Title/Topic/Closure risk management
Executive summaryThis summary draws upon the work of Laurence (2006) on ‘Why do mines close?’ to inform rehabilitation and closure risk management. This study of 800 mine closures over 25 years in Australia provides useful guidance to those managing rehabilitation and closure at mines. This study addresses environmental, socio-economic as well as safety and health aspects of closure.
RationaleThis work is important as it can be very difficult to evaluate rehabilitation and closure risks for a minesite when only site-specific data are used. While there are exceptions to the rule, a mine may only close once. As a consequence, it may be difficult to draw upon direct evidence from that site to identify rehabilitation and closure risks, unless there is a very experienced practitioner leading the process and a good body of knowledge exists. Even then, a wider understanding of closure risks and the probability of an unplanned closure, which Laurence (2006) demonstrates represents 75% of mines studied, provides valuable context for rehabilitation and closure risk management.

The outcomes of the research will equip operators and regulators to better manage future mine closures by providing information to help identify key risks and allow companies to mitigate them effectively, early in the mine’s life.

Method/ techniquesLaurence (2006) summarises the early results of a significant and on-going research project investigating the causes and impacts of mine closures over the past 25 years. The closure of the 800 mines provides a wealth of data, obtained from company and government records, interviews with key personnel and other sources. The data includes all Australian States and Territories and all commodities, including metalliferous, coal and industrial minerals. The majority of mine closures were in Western Australia (60%) followed by New South Wales (20%) and Queensland (10%). The most commonly closed mine was a gold mine followed by coal, nickel, base metals and minerals sands operations. Twenty five percent of the mines closed due to resource exhaustion or depletion; 24% due to high costs, price drops, or declining grades; 8% due to open pit resource depletion (but with underground reserves remaining) or underground reserves depleted (but plans to open cut remainder) and 7% due to receivership or voluntary administration. Other significant causes included closure of a downstream industry or loss of markets; adverse geological/geotechnical factors; flooding/inrush; government/political decisions; safety/health or environmental issues or other reasons. The environmental, social and economic impacts of these closures are also significant and include acid mine drainage and impact on mine employees. The outcomes of the research will equip operators and regulators to better manage future mine closures.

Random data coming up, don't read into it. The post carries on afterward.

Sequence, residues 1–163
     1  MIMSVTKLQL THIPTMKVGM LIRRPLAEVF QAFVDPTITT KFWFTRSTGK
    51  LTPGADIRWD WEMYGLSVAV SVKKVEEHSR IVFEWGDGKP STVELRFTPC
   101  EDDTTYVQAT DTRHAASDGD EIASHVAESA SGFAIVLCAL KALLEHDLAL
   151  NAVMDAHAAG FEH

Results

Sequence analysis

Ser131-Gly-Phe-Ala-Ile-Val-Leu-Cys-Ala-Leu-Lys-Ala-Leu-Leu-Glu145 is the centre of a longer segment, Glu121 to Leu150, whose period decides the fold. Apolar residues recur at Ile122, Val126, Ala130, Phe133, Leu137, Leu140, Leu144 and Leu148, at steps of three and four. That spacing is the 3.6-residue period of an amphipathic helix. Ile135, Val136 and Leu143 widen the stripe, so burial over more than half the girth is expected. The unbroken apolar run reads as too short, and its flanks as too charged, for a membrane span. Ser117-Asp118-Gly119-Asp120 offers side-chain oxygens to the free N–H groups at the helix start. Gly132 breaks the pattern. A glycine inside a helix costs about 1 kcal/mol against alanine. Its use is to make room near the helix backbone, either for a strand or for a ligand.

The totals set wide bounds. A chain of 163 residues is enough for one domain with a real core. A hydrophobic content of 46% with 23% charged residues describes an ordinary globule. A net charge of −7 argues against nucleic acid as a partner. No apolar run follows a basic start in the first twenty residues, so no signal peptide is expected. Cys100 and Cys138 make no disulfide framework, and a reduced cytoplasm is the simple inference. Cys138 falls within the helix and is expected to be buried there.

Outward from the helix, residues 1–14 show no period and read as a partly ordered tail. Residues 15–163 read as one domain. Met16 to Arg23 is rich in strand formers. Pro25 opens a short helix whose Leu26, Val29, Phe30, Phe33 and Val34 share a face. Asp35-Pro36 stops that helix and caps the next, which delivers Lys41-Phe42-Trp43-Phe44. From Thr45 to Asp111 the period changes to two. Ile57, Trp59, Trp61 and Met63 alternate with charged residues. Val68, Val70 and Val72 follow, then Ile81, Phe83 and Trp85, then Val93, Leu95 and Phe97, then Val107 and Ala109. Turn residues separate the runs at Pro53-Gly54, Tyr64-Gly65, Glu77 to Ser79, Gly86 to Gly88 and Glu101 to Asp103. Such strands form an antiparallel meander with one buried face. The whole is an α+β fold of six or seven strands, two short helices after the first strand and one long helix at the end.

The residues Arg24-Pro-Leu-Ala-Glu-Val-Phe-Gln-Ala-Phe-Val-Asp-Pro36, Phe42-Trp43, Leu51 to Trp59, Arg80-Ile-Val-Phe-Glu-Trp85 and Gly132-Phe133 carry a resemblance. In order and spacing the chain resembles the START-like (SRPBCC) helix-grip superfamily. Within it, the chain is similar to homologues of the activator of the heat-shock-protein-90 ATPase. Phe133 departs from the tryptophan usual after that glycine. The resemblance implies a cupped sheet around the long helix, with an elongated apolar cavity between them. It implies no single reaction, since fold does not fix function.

The research was confined to the ‘recent’ area which is considered to begin from the 1980s as this was the time that:

  • Technological improvements, particularly in the gold mining industry rapidly developed.
  • Commodity prices, especially the gold price, increased, creating a boom in exploration as well as the stock market.
  • Environmental legislation was introduced into most jurisdictions.
  • Mine rehabilitation and environmental management practices were implemented in most if not all Australian jurisdictions.
  • Security deposits or bonds were also introduced or significantly increased.

 Mine closures followed a temporal trend shown below:

Mine closures 1981-2005 Laurence.png

Most mine closures were located in WA, followed by NSW, QLD and the NT.



What was learned?

 The majority (75%) of mine closures were unplanned and were due to:

 Economic, due to either low commodity price or high costs leading at times to company voluntary administration or receivership.

  • Geological, due, for example, to an unanticipated decrease in grade or size of the ore body.
  • Technical, due to adverse geotechnical conditions or mechanical/equipment failure.
  • Regulatory, due to safety or environmental breaches.
  • Policy changes, which occur from time to time, particularly when governments change.
  • Social or community pressures, particularly from NGOs.
  • Closure of downstream industry or markets.
  • Flooding or inrush.

The primary reason for closure is shown below:

primary reasons for closure 1981-2005 Laurence.png

What were the benefits delivered in terms of new knowledge?

This research highlighted that AMD (Acid and Metalliferous Drainage) was the most significant environmental impact from closure. This was followed by tailings, open pit voids, waste dumps and water quality. Most of the mines were gold mines with coal second in significance.


An understanding of primary impacts was derived;

Primary env impacts mine closures 1981-2005.png


primary social economic impacts of closure.png


primary health and safety impacts mine closure.png


References(s)Laurence, D (2006) Why do mines close? In the proceedings of the Mine Closure 2006 Conference, Perth, ACG. (eds Fourie, A. and Tibbett, M)
Date (when )13-15 September 2006
LocationPerth was the venue for the conference, however this research relates to Australia as a whole
Created by Corinne Unger on 2016/03/01 17:33
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